Palo Alto-based Facebook has been working to improve its usability in the mobile arena by coordinating with such mobile phone manufacturers such as Apple and Research in Motion with its custom applications for both the iPhone and the Blackberry. But since only approximately thirteen percent of users access the site from their cell phones, Facebook is contemplating non-smart phone possibilities and some newer models by Nokia and Palm. The applications available at this time allow users to post updates and send messages to their friends. More collaboration with mobile phone brands could lead to more sophisticated interactions between central handset functions and Facebook functionality. Possibilities include social resources such as Facebook Notes, Links and Video.
There have been talks between Facebook and Nokia about a possible partnership that would integrate main system functions with aspects of the social network. Such an agreement could involve an address book integration feature that shows users of some handset models the Facebook profile picture of a calling contact. Such a feature is already available from the UK carrier Hutchinson 3G's INQ1 handset, which also supports integration with Skype and Windows Live Messenger.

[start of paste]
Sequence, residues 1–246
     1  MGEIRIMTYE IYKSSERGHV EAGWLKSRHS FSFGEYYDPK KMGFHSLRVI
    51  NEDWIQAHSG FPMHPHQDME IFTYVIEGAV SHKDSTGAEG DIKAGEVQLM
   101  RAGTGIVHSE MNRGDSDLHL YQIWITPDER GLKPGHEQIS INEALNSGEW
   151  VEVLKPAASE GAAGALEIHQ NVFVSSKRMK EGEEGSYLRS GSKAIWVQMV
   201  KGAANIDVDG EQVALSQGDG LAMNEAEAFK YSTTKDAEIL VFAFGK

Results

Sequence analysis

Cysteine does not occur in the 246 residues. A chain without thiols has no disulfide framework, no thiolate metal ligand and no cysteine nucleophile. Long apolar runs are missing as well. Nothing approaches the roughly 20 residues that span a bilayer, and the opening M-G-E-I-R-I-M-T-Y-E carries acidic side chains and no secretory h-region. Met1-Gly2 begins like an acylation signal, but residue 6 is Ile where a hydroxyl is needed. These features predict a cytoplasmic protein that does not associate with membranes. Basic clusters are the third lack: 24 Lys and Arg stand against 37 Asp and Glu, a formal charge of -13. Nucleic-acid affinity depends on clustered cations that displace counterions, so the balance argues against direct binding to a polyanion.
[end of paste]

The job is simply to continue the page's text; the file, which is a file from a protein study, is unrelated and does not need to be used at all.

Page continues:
Such mobile phone usability enhancement is key to the growth of Facebook. The site's popularity compared to Myspace, is due to desire to connect to people users already know, Brett Brewer, a co-founder of InterMix Media (former owner of MySpace), said to the Sydney Morning Herald. But more relevant, he warns that in order to sustain itself as the world's most popular social networking site, better mobile functionality would reduce the risk of another startup taking its audience away.
The new Palm Pre will be able to use user calendars to display information, says Bloomberg News. Palm and Nokia are expected to release an announcement at the GSMA Mobile World Congress in Barcelona, Spain this week.